Missile-throwing is par for the course
IT MAY be an unlikely grouping, but the German national coach Rudi Völler, Partick striker James Grady and 19-year-old Celtic season ticket holder Dominic Schiavone are linked by a set of shared characteristics.
All three are regaled as renowned penalty-box predators in their respective strata; Vller as a past master in the illustrious environs of the Bundesliga, Serie A and the French Championnat, Grady renowned throughout the Scottish game for not only his goals but also his jaw-dropping ball skills, while the mere mention of the free-scoring Schiavone is enough to strike dread into the hearts of the many pot-bellied defenders ruthlessly embarrassed by Dominic in the Townhead Pitz five-a-side Sunday morning league.
The trio’s collective refusal to acknowledge true genius was also emphasised when all three failed to highlight yours truly in a recent opinion poll to ascertain the world’s greatest living footballer. And they also share the unwanted distinction of being showered by a volley of phlegm from the mouth of a prominent footballing superstar during the course of a match. Rudi’s celebrated silver demi-wave was infiltrated by the throat contents of Dutch soccer icon Frank Rijkaard during the Italia 90 World Cup, James was given a closer than necessary viewing of Rangers skipper Lorenzo Amoruso’s pre-match food intake in a tense Scottish Cup tie at Somerset Park, while Dominic’s recompense for a playful pat on the peroxide head of Liverpool striker El Hadji Diouf during last season’s UEFA Cup clash was a shower of spittle on a scale akin to that encountered by a political reporter trying to interview the Spitting Image puppet of Labour legend Roy Hattersley.
Last Sunday’s televised encounter between Hearts and Celtic will long be remembered for a number of undesirable reasons. It will not be recalled as the full debut of Celtic’s recent recruit from Fir Park Stephen Pearson or even for the fact that Celtic midfielder Stilian Petrov arrived menacingly in the Hearts box and managed to keep his footing. Hearts keeper Craig Gordon was spat upon by a supporter of the Parkhead side while the Bhoys custodian between the sticks Rab Douglas was struck on the back of the head by a coin launched onto the field by a Hearts fanatic.
While countless armchair viewers grimaced uncomfortably as Big Rab repeatedly rubbed his aching cranium, match referee Kenny Clark had a different reading of the incident and neglected to include it in his report to his supervisors. Mr Clark obviously felt that Douglas was merely displaying the stereotypical anglophile view of the miserly, parsimonious Scot and that Rab had simply bent down to pick up the fifty pence coin that had dislodged from his pocket. And such was the pace that big Rab had dived down to recapture the renegade currency that it had struck him on the back of the head during its descent to the Tynecastle turf.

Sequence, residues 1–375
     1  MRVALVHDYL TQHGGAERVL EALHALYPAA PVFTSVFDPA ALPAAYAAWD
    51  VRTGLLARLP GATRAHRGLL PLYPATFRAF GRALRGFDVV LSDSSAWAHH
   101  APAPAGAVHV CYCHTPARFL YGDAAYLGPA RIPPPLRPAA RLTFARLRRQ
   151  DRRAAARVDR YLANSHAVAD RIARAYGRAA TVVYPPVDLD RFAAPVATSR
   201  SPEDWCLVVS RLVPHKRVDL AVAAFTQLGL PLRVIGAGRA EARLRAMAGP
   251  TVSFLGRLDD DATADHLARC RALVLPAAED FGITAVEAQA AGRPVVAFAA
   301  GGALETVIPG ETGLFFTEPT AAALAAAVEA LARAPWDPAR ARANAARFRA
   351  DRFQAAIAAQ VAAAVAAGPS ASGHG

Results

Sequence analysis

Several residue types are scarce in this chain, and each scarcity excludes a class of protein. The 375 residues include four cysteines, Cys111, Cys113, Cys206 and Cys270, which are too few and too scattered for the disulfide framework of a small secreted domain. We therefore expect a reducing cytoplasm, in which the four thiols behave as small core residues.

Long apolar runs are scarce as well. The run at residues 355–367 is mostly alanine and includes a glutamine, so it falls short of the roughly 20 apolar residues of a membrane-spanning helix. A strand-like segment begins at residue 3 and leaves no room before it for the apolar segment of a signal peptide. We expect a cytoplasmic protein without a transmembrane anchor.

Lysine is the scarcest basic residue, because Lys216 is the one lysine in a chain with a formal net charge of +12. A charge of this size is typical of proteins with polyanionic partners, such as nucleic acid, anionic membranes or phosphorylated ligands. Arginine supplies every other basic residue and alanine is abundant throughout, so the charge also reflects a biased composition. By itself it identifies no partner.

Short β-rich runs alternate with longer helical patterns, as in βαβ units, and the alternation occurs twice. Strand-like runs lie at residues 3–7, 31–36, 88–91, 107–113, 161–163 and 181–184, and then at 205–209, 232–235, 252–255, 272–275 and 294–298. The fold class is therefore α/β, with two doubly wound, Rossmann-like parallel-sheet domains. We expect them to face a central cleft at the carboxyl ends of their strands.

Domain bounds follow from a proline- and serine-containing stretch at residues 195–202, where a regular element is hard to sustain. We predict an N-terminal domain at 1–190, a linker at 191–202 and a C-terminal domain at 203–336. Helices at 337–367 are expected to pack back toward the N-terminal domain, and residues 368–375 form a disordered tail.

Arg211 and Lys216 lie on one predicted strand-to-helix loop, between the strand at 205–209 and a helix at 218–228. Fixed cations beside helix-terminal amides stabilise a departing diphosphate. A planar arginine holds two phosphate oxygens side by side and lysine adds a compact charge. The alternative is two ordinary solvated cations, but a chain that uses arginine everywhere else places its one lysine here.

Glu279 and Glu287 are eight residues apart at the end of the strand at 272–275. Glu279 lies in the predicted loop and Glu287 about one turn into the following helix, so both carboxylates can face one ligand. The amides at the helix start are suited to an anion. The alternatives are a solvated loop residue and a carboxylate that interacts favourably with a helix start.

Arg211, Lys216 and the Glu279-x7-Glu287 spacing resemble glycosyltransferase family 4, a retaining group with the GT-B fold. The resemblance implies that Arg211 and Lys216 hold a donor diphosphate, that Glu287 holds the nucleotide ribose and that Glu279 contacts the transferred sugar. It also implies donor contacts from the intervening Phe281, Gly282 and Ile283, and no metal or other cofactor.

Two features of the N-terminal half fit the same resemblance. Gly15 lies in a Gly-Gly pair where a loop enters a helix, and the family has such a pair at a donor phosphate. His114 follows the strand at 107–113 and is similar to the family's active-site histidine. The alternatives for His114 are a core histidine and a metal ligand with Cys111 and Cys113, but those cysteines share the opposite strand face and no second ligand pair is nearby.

While a figure skater longs to be showered by petalled projectiles from the viewing galleries following a performance, the launching of articles from the terraces onto the field of play is predominantly problematic for a footballer. As an apprentice professional with Celtic back in January 1988, I was appalled at the hideous racist goading of Rangers’ black winger Mark Walters during his Old Firm debut at Celtic Park. I was even more sickened on the morning after the match when I was told to help clear the Parkhead trackside of the dozens of bananas that had been thrown onto the field by so-called Celtic supporters intent on upsetting the on-field focus of the Ibrox wing wizard.
When Luis Figo returned to the home of his former club Barcelona in the colours of his new employers Real Madrid, among the hundreds of missiles fired in his direction each time he ventured to take a corner in front of the Nou Camp ultras were golf balls, lighters, a J&B whisky bottle and even a pig’s head.
While never cascaded on a Scottish football pitch with the body parts of dead animals, (although I have been likened in song by terracing mirth-makers to the posterior of a horse), there was an occasion during my tenure as a Dunfermline player that an object hurtled from the stands caused me a great deal of personal distress.
As I raced to accompany Pars striker Andy Smith in his celebratory goalscoring routine in front of the visiting Rangers support at East End Park, I noticed the view of both the referee and his assistant was obscured from my actions by my team-mates’ joyous cavorting. Seeing an excellent opportunity to repay the travelling support for their relentless barracking of myself as a former Celtic player, I made a most un-Christian gesture towards the red, white and blue hordes that involved one hand being thrust into the inner elbow junction of the opposite arm and my middle finger being raised aloft in a thoroughly derogatory fashion. As I fell to the ground clutching my face following my nose coming into contact with an unidentified object hurled in my direction, I began to dream of the front page headlines that would be set aside for my assault and the range of menacing weapons that could have been used to cause me such pain and anguish.
Just as I was perfecting my dying swan routine, my team-mate Stewart Petrie bent down and whispered in my ear, "Get up you big blouse, it’s an apple core that’s hit you and it’s stuck to the front of your jersey."
It may not have been an empty whisky bottle but if one of those pips had got in my eye I could have picked up a really nasty infection.
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Thursday 23 May 2013
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